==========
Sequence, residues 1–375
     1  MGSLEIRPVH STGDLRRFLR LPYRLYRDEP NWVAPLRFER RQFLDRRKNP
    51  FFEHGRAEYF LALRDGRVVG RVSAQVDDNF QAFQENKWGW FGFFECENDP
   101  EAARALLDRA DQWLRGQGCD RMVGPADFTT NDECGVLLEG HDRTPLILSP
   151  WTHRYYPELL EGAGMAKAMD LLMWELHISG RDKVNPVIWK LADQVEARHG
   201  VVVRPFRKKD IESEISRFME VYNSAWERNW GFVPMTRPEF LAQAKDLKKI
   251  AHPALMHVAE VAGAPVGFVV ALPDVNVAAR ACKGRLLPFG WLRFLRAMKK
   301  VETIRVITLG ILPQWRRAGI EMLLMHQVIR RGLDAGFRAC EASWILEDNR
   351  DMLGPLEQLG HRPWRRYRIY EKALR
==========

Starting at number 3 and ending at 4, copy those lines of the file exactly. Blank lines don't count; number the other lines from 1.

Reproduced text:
    51  FFEHGRAEYF LALRDGRVVG RVSAQVDDNF QAFQENKWGW FGFFECENDP
   101  EAARALLDRA DQWLRGQGCD RMVGPADFTT NDECGVLLEG HDRTPLILSP